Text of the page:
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India's Supreme Court orders Italian envoy to stay


India's Supreme Court on Thursday issued an order to Italy's ambassador to stay in the country for four days amid a dispute over two Italian marines who skipped bail while on trial in New Delhi.

A three-judge bench asked ambassador Daniele Mancini, who had negotiated bail for the marines so they could return home and vote, to explain why the two men would not be returning.

Rome announced on Monday that Massimiliano Latorre and Salvatore Girone, who face murder charges over the death of two Indian fishermen in February last year, would remain in Italy.

In a ruling which appeared to open up a legal grey area, the Italian ambassador was told he should not leave the country until March 18 which is the next date of a court hearing, an AFP reporter inside the court said.

However, a senior foreign ministry official acknowledged that New Delhi would not seek to restrain Mancini, an action which would contravene the Vienna Convention guaranteeing diplomats freedom of movement.

"It is for the the Italian ambassador to decide," he told AFP, speaking on condition of anonymity. "It is clear that he enjoys diplomatic immunity under the Vienna Convention. We have no right to restrict his movement."

The bench passed the order after Attorney General G.E. Vahanvati, the highest law officer in the country, said that Italy had reneged on its assurances.

"It is a breach of the undertaking given to the highest court of the land and the government is extremely concerned about it," Vahanvati told the bench headed by Chief Justice of India, Altamas Kabir.

The court's notice comes after Mancini was summoned to the Indian foreign ministry on Tuesday and Indian Prime Minister Manmohan Singh warned of "consequences" unless the men were returned.

The marines are accused of shooting dead two fishermen off India's southwestern coast in February last year when their fishing boat sailed close to the Italian oil tanker they were guarding.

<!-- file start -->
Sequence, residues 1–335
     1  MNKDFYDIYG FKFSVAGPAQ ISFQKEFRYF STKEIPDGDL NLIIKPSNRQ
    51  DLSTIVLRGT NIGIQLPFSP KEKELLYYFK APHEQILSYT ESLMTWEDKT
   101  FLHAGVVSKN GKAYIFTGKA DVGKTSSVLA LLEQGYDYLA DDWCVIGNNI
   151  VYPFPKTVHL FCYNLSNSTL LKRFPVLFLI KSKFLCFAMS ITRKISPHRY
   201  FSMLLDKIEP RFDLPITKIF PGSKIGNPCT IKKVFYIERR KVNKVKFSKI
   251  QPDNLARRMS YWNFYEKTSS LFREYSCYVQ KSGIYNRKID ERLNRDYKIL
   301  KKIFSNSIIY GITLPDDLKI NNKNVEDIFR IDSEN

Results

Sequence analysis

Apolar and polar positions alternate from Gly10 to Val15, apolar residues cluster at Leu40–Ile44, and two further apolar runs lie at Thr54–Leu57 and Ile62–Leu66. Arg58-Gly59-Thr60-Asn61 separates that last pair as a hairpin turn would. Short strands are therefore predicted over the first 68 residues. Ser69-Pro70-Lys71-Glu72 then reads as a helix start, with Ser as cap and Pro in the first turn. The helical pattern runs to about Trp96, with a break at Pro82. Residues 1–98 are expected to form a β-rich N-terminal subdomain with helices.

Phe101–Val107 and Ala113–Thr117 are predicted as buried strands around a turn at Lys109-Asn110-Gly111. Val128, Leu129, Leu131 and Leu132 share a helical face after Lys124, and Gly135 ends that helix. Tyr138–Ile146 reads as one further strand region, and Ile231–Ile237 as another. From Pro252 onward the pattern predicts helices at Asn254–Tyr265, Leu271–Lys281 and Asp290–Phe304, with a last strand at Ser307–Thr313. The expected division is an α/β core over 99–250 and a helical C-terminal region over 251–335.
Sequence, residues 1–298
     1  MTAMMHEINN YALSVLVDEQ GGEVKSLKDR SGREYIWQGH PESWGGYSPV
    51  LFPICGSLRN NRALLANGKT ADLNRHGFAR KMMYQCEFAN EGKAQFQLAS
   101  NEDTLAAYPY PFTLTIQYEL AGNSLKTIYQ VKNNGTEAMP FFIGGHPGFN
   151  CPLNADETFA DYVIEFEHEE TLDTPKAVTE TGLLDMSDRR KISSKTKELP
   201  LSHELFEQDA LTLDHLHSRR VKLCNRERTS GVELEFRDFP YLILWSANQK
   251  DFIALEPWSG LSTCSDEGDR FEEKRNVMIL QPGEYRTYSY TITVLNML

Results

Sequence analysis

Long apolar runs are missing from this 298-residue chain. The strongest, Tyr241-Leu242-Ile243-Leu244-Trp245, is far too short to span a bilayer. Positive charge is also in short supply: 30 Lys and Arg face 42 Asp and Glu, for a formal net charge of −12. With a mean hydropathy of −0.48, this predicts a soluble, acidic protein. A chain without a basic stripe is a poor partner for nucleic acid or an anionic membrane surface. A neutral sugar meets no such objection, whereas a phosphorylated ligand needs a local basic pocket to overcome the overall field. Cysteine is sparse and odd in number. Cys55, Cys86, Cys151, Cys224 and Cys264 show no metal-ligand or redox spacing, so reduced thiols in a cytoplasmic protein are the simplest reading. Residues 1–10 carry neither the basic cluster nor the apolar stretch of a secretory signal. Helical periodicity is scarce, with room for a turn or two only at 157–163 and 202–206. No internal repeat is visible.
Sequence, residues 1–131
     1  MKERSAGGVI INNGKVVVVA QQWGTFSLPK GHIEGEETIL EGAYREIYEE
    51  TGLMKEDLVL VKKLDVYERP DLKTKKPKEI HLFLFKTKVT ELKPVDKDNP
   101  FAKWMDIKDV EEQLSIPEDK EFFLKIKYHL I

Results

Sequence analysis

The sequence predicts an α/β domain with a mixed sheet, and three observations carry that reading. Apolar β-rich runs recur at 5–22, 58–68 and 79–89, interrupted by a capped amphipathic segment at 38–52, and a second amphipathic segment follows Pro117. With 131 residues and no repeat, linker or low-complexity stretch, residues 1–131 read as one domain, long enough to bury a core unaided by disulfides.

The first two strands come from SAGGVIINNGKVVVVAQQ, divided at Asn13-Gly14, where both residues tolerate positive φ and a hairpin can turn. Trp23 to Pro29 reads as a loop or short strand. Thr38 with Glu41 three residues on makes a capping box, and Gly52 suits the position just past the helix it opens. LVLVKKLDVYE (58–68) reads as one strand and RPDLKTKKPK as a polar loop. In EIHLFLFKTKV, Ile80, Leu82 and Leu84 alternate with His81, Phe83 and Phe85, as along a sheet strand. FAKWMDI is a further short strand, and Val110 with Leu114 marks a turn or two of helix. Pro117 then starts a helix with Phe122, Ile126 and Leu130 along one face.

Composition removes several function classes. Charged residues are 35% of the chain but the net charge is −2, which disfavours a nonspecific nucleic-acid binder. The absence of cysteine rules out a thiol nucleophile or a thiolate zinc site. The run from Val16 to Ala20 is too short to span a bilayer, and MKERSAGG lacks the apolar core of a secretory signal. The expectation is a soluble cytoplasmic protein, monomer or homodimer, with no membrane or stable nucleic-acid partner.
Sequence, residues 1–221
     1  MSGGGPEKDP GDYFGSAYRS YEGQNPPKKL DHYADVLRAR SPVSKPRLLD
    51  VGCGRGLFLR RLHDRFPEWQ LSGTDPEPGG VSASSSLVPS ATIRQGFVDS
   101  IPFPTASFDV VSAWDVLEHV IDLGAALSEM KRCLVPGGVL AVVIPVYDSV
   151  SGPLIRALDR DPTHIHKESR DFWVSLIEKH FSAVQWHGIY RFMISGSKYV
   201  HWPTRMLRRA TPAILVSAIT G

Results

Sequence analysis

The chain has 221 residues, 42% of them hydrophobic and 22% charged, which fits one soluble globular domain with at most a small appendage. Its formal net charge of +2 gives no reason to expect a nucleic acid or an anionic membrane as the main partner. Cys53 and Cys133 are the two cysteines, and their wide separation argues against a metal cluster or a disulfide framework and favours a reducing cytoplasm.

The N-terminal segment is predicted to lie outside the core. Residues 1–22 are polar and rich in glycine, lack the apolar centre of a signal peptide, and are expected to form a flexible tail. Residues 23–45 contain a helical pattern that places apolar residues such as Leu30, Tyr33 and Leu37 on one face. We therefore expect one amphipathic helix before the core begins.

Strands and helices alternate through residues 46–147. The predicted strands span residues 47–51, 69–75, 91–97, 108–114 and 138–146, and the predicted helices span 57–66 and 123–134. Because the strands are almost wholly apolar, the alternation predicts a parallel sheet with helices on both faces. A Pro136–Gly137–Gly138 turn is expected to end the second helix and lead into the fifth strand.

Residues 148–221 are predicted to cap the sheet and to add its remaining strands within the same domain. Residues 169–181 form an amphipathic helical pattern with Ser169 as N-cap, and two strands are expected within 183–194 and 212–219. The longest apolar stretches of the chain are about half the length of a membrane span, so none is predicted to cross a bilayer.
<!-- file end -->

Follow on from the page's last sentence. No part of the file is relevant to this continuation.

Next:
The marines said they mistook the fishermen for pirates.

They were granted leave by India's top court to return home for four weeks in order to vote in the February 24-25 national elections in Italy.

Italy insists the marines should be prosecuted in their home country because the shootings involved an Italian-flagged vessel in international waters, but India says the killings took place in waters under its jurisdiction.

The dispute has soured relations between the two countries and also fuelled anger over the government's handling of the case.

Prime Minister Singh and Foreign Minister Salman Khurshid are under pressure from the opposition and media to give a firm response, which reports suggest could include expelling Mancini.

One columnist, writing for the FirstPost website, accused Italy of racism on Thursday, saying that "what they (Italy) seem to resent is that brown-skinned Indians may be sitting in judgement on their people".

"We will do everything that is necessary to ensure that the dignity and primacy of India in this matter is preserved," Khurshid told reporters after a meeting with the prime minister in New Delhi on Thursday.